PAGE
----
By Hindustan Times
Direction: Kabeer Kaushik
Actors: Sonu Sood, Naseeruddin Shah, Mohan Agashe
Can we all agree that Bollywood has squeezed as much cinema as is humanly possible out of Mumbai’s infamous encounter cops, their weasel-faced informers and the police-politician-builder-underworld nexus? Can these subjects be embargoed for the next five years so that viewers get a break from grim men gunning down other grim men in dark alleys? And while we are at it, let’s ban girls jiggling in dance bars too.
In Maximum, director Kabeer Kaushik takes all of the above and fashions it into a cautionary tale about two power-hungry, corrupt encounter specialists. Pratap Pandit, played by Sonu Sood, is the young turk who challenges the supremacy of the equally blood-thirsty Arun Inaamdar, played by Naseeruddin Shah. Their rivalry is used and abused by their seniors and juniors, a don and a wily politician. Everyone shoots at each other until they all fall down.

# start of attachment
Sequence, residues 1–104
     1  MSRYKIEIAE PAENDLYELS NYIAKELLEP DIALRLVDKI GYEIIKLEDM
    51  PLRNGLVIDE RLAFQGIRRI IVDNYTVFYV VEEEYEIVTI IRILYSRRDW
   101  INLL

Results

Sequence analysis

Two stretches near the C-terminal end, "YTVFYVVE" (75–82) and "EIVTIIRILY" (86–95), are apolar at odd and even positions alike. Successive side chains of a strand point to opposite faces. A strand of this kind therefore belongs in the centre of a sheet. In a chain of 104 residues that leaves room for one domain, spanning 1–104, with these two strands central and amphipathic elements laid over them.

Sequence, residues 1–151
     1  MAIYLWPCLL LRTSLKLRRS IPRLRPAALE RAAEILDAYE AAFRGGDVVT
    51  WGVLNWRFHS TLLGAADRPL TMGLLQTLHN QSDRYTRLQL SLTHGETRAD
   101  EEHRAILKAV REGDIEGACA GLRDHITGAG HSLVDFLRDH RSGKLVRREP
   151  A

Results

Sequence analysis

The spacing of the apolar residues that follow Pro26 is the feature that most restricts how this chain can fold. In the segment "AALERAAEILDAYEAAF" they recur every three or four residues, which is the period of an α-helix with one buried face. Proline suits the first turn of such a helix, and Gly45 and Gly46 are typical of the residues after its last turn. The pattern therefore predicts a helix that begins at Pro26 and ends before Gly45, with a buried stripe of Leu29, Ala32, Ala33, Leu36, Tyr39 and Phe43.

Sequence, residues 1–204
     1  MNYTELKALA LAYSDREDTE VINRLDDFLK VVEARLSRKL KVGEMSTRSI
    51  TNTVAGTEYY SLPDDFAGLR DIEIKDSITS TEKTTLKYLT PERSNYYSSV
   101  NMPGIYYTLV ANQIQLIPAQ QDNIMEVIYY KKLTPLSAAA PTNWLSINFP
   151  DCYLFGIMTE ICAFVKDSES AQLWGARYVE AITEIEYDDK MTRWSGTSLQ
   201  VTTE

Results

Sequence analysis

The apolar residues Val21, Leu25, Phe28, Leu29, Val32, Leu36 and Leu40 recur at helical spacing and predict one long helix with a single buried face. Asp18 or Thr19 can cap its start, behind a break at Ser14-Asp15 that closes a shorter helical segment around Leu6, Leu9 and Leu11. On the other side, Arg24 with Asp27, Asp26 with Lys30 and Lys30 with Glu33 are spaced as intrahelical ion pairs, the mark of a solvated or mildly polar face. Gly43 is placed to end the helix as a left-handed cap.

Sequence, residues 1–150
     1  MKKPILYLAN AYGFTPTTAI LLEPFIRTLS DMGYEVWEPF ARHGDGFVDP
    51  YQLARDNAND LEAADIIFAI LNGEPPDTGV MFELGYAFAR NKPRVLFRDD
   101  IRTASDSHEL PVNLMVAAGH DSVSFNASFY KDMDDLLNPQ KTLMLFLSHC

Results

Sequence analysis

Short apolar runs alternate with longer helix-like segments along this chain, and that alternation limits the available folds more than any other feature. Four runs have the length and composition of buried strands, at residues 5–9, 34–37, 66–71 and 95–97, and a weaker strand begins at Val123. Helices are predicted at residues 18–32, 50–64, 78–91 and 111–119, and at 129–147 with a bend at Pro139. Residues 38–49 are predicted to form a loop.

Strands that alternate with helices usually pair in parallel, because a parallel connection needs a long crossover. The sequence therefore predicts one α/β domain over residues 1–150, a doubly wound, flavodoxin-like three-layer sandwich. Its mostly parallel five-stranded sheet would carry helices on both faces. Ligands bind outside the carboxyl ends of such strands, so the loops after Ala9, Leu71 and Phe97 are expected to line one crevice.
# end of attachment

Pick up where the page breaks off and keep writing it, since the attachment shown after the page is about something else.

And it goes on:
Kaushik, who earlier made the police drama Sehar, is clearly enamoured by these men. Pratap is a rockstar cop who invariably walks in glorifying slow-motion, has a loving wife and child, but is also living it up with Bollywood belles and bar dancers, and doesn’t so much speak as pronounce judgment with inordinately long pauses. Using his imposing physicality to full effect, Sood mostly postures while Shah slums it. He keeps a fixed snarling expression for much of the film.
Kaushik has also written the film but he seems more interested in style than substance. There is little character delineation or growth. It’s all about being gritty and cool. So characters deliver lines such as ‘bada game khelo’ or ‘what a player.’ Slow motion shots of birds flying over Maximum City are frequently used to connect scenes. Kaushik effectively captures the crowds and frenetic energy but little here is compelling or new. All the usual Mumbai sights are ticked off — local trains, the Ganesh Chaturthi festival, Marine Drive lashed by the rains. Too early in the film, fatigue sets in and the strangely inert plot doesn’t help to alleviate it.
Maximum has stray moments of power but the film feels like a Ram Gopal Varma rehash; mercifully though there are no cameras zooming into teacups like there were in Varma’s recently released Department, which was also about power-hungry, corrupt encounter specialists.
We really need an embargo.